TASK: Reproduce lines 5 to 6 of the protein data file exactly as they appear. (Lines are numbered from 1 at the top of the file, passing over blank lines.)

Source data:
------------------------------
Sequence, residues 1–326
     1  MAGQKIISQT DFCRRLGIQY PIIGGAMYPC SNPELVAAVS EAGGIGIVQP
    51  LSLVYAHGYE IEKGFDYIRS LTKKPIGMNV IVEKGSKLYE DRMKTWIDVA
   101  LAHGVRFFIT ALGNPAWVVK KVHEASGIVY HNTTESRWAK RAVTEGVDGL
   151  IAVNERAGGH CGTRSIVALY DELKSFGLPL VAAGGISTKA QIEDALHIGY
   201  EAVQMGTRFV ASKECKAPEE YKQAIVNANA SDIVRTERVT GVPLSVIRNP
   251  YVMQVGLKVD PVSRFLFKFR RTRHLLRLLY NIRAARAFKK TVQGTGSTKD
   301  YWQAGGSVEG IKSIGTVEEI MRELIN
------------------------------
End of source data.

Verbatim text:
   151  IAVNERAGGH CGTRSIVALY DELKSFGLPL VAAGGISTKA QIEDALHIGY
   201  EAVQMGTRFV ASKECKAPEE YKQAIVNANA SDIVRTERVT GVPLSVIRNP